Black leaves on any kind of plant are never a good sign when it comes to their health. The severity of the damage it poses to the plant is always dependent on what’s causing the issue.
If you’re a plant enthusiast or experienced gardener, you’ve likely come across this problem at least once or twice. Luckily, black leaves and spots can be remedied and prevented with a few quick and simple steps.
If you’re worried or currently struggling with this problem with your Monstera plant, we’ve got you covered. On that note, let’s take a look at the causes and effects of Monstera black leaves, as well as how to fix them.
What Are the Effects of Black Spots on a Monstera?
Black spots in a plant’s leaves often result in the reduction of its photosynthesis and a decline in productivity. Its presence has no particular advantages to a plant, so as soon as you spot them in your Monstera, it’s time to do some investigating.
Just like the causes, the effects of the black spots can differ depending on what’s causing them. These are some of the concerns you need to take note of if the black spots are left unattended:
- Disruption in photosynthetic processes
- Further dehydration
- Nutrient deficiencies
- Root rotting
- Stunted growth
- Infestation of pests and diseases
- The plant’s death
The key here is to act as quickly as possible once you see black spots appearing on your plant. It may not always be as serious as it appears to be, but it’s better to be sure to prevent worse-case scenarios.
If by any chance, it results in an infestation and you have other plants in the area, their health will also be at risk.
What Causes Black Spots on a Monstera?
There are many health concerns that can trigger black spots on a Monstera plant. Some of them are caused by simple issues that are easily fixable, while others may need further treatment.
In most cases, it’s due to the lack or excessiveness of a certain plant TLC step. That’s why it’s crucial to pay attention to your Monstera’s needs to ensure you’re giving the right and proper amount of care.
Black spots on a Monstera plant are often caused by the following:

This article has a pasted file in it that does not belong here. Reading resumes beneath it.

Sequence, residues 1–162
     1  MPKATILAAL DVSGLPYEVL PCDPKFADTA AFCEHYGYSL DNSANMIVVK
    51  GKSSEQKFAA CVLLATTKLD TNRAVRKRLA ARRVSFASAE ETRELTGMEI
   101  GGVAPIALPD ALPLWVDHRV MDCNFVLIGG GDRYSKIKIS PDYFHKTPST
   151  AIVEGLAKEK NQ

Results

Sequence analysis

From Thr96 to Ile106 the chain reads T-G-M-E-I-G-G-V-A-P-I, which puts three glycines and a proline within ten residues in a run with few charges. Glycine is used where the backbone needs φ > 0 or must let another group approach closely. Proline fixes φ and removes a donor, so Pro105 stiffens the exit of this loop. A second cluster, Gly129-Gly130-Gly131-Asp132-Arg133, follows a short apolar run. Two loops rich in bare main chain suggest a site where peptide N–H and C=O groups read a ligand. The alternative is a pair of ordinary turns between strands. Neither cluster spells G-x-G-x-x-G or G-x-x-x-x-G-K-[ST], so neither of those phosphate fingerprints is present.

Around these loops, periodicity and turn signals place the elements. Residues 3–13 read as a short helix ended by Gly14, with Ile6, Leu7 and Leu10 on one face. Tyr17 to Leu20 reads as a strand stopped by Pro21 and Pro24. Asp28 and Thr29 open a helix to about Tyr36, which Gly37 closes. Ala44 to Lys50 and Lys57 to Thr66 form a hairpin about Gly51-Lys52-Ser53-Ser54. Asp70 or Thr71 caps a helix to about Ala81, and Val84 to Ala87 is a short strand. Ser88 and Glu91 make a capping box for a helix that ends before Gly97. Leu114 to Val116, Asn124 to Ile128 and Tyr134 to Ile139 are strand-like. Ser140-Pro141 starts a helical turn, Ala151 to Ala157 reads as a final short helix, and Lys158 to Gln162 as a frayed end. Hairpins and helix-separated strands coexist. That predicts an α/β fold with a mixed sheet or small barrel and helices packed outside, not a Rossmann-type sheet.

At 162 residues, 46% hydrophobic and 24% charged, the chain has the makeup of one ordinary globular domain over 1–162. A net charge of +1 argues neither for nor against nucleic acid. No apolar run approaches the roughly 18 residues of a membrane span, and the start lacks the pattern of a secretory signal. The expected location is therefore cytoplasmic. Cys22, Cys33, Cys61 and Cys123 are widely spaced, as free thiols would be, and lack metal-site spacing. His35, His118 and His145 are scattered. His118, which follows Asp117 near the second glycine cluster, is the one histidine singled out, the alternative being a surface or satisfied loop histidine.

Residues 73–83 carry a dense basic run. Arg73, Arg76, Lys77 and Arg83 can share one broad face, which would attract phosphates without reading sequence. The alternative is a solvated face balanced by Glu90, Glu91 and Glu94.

- Improper watering conditions
- Prolonged exposure to extreme temperatures
- Inefficient lighting setups
- Lack of humidity
- Effects of pest infestations and diseases
Let’s go into further detail on these specific causes to understand your Monstera plant’s condition better.
1 – Improper Watering Conditions
Giving your Monstera too much or too little water is detrimental to its health and can result in a lot of health issues.
One of the common symptoms you might see from improper watering conditions is the appearance of black spots.
Plant owners can sometimes be too eager to care for the plants that they tend to give them too much water. Other than black spots, overwatering can be detected with these signs:
- The Monstera starts to develop yellow leaves and stems
- Its soil appears and feels to always be damp and soggy
- Its stems and leaves can have a soft and mushy texture
Overwatering can also lead to eventual fungal infections and root rot. The more soaked the Monstera’s soil, the less oxygen its roots can absorb for plant functions.
Even though Monsteras can survive a few skips in their regular watering routine, too much can lead to dehydration.
Apart from black spots, its leaves can also have a light brown color and crispy-looking exterior, especially on the edges.
If your Monstera is root-bound, its soil tends to dry out faster because there’s less space for holding water.
Having the roots of a Monstera popping out of the pot is usually a sign that it needs repotting so it can grow more and hold water better.
2 – Prolonged Exposure to Extreme Temperatures
Monstera plants thrive in a rainforest-like environment with a warm and humid temperature. Cold and extremely hot temperatures are bad news for this subtropical plant.
If the plant is exposed to cold temperatures for too long, it can easily experience a cold shock. A cold shock may not just cause black spots but also turn the entirety of the leaves black.
As much as Monsteras are weaker to cold temperatures, an excessively hot environment poses just as much threat.
If the plant is exposed to too much heat it can handle, its leaves can eventually turn black.
3 – Inefficient Lighting Setups
Black spots in a Monstera’s leaves can also be a sign of stress from inefficient lighting setups.
It can either be caused by sunburn due to direct exposure to scorching sunlight or a stress reaction from reduced photosynthesis activity due to low light intensities.
While a Monstera plant enjoys being bathed in bright lights, extreme conditions can cause irreparable damage to its leaves. In the case of scorching or sunburn, some of its leaves may fall off completely.